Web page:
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What Made A Young Elizabeth Holmes Different From Her Childhood Peers?
“I was probably, definitely, not normal,” Theranos CEO Elizabeth Holmes told the New Yorker.
Disgraced tech CEO Elizabeth Holmes life has been far from ordinary and nothing makes that clearer than the depiction of her in Hulu’s “The Dropout.”
The dramatized series begins with a young Holmes struggling to fit in with her peers. She is driven but she is socially awkward and different. One scene shows classmates laughing at her as she runs track as a child. Then, in another scene, more classmates laugh at her after she scolds them for not speaking only Mandarin while in an immersion college program in China. “The Dropout” depicts Holmes as someone who dances around her room alone and practices talking to people in the mirror.
Later, she tries to explain to one of the employees at Theranos that she is an outsider. But by that point, that employee as well as many others in her life just viewed her as a fraudster.
The real Holmes was indicted on fraud charges in 2018 for defrauding numerous investors by making false claims about the breakthrough medical technology her company Theranos had supposedly developed. It turned out, what she was proposing wasn’t technically possible; she had faked that a prototype of the device was ready. A jury convicted her on four fraud counts in January.
And Holmes, now 38, confirms she was indeed different from the beginning.
“I was probably, definitely, not normal,” she told the New Yorker in 2014. “I was reading ‘Moby-Dick’ from start to finish when I was about nine. I read a ton of books. I still have a notebook with a complete design for a time machine that I designed when I must have been, like, seven. The wonderful thing about the way I was raised is that no one ever told me that I couldn’t do those things.”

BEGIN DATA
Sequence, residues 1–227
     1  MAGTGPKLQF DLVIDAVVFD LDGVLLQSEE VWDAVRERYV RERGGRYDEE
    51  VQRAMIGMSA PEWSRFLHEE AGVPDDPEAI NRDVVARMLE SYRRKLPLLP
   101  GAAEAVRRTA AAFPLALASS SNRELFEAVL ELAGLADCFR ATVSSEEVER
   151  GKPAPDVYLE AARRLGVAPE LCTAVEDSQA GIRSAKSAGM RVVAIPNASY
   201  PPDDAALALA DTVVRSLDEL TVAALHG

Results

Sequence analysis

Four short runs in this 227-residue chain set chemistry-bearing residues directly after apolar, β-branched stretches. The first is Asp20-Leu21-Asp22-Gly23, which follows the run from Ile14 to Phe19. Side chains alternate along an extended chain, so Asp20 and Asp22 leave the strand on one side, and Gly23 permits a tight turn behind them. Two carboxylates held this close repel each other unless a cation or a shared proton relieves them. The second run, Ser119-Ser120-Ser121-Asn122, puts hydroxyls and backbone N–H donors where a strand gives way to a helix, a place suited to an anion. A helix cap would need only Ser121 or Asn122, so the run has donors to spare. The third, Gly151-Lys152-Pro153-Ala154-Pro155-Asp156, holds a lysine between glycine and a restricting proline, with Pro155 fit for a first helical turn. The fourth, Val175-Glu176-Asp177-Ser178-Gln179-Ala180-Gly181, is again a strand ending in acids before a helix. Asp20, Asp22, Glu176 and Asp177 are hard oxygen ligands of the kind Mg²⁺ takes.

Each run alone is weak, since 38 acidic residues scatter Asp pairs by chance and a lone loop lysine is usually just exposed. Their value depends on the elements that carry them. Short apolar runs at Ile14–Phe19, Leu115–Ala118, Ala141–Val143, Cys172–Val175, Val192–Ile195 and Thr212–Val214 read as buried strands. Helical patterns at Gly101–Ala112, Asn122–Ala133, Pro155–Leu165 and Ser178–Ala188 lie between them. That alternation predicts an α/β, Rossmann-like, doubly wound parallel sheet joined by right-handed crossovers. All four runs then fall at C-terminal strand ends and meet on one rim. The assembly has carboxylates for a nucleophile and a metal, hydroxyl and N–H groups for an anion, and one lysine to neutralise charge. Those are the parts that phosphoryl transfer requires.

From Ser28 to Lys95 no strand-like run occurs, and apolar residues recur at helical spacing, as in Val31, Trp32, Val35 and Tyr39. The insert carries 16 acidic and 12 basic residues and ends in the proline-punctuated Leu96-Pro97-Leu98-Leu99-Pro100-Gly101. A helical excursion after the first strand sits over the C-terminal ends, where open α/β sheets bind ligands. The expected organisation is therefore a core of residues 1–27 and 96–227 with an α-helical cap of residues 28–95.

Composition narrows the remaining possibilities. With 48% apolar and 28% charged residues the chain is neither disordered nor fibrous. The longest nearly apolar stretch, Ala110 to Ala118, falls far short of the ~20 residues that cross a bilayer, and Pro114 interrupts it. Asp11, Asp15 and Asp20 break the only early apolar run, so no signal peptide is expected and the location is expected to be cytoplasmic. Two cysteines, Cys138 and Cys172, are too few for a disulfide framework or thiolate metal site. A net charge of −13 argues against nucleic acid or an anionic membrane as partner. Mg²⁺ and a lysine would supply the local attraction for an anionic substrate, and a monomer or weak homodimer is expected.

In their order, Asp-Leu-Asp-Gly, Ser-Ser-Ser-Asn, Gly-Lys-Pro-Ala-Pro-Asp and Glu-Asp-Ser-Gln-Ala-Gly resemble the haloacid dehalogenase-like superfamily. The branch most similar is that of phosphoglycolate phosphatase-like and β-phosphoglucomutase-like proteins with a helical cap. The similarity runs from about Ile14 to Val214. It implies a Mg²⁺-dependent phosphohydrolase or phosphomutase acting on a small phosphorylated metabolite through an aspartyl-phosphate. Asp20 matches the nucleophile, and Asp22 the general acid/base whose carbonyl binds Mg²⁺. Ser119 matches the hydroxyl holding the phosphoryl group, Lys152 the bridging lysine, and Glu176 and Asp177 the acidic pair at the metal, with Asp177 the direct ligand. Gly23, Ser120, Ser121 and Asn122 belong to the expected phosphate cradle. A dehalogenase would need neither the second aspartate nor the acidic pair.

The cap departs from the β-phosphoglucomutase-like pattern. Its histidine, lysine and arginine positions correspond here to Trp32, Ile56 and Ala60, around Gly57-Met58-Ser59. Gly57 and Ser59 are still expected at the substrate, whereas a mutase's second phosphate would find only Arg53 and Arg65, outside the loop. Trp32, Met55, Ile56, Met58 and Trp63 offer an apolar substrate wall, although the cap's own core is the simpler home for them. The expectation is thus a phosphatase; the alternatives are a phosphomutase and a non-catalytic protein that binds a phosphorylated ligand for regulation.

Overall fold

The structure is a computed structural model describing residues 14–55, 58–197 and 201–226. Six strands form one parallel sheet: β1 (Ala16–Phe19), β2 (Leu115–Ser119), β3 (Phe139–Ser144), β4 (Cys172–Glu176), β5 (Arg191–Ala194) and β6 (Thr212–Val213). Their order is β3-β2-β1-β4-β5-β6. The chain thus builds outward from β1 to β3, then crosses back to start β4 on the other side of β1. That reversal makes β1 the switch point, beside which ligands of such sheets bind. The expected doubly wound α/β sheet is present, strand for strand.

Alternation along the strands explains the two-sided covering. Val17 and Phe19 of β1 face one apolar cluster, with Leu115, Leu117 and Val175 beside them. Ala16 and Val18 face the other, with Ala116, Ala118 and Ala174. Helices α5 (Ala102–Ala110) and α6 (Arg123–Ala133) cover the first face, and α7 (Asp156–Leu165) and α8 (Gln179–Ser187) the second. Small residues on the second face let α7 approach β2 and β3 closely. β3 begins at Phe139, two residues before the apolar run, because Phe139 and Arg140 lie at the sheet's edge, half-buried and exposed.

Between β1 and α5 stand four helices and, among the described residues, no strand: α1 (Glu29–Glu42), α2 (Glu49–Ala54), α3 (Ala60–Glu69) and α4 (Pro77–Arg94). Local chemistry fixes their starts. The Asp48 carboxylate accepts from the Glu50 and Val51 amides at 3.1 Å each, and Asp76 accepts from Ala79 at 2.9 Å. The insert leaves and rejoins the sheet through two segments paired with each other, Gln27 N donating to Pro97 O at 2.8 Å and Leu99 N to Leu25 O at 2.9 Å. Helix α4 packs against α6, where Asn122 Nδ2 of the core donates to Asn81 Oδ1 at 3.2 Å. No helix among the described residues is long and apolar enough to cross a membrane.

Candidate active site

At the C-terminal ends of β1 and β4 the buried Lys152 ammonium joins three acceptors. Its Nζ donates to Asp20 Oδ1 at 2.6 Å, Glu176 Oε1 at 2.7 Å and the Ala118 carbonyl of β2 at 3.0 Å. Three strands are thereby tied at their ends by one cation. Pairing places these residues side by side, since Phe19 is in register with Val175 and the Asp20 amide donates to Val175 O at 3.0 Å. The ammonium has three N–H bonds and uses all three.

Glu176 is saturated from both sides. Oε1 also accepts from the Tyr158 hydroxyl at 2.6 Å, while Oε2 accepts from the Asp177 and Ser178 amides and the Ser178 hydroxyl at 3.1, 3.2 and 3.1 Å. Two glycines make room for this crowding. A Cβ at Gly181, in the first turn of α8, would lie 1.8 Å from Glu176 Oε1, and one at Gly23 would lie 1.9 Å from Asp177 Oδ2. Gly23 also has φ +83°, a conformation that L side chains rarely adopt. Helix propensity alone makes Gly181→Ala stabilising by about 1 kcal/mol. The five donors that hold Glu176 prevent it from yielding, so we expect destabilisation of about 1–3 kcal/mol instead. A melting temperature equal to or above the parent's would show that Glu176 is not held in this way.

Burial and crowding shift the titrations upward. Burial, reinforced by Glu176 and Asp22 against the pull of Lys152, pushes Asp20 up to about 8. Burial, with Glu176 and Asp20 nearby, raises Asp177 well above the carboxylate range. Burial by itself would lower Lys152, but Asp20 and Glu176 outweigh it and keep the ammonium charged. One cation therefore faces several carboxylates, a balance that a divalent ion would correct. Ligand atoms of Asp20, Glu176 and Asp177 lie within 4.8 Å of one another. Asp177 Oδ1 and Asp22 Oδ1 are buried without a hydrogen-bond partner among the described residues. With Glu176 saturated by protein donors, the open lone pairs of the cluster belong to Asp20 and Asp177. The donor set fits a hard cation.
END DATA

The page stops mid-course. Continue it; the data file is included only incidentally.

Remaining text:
The New Yorker notes that Holmes was raised by a father who worked for government agencies and mother who had worked as a foreign-policy and defense aide on Capitol Hill. Her dad also was once a vice president at Enron, which went bankrupt after its own fraud scandal. The New Yorker piece reported that the family moved several times, “which meant there was little opportunity to develop lasting friendships.”
“Holmes describes herself as a happy loner, collecting insects and fishing with her father," the New Yorker reported.
“She is always pulled to the side and was not naturally emotive as a child,” he explained.
He also claims that Holmes' mother encouraged her to be more like Fuisz, who was an inventor and former CIA agent.
“They were jealous of our family,” he told Forbes. “I was a physician who had many patents and made money off of them and knew Arabic. [...] Noel programmed Elizabeth to be like me, invent and learn a language. I am a psychiatrist and family practitioner and would tell a father and mother not to treat their child that way.”
It should be noted that Fuisz, as “The Dropout” depicts, created a patent that would embroil him and Holmes in court with one another for years. Holmes had accused Fuisz and his family of stealing a secret Theranos patent. She filed a lawsuit against him in 2011 and three years later, Fuisz and Holmes settled. Forbes reports that neither party received anything from the patent.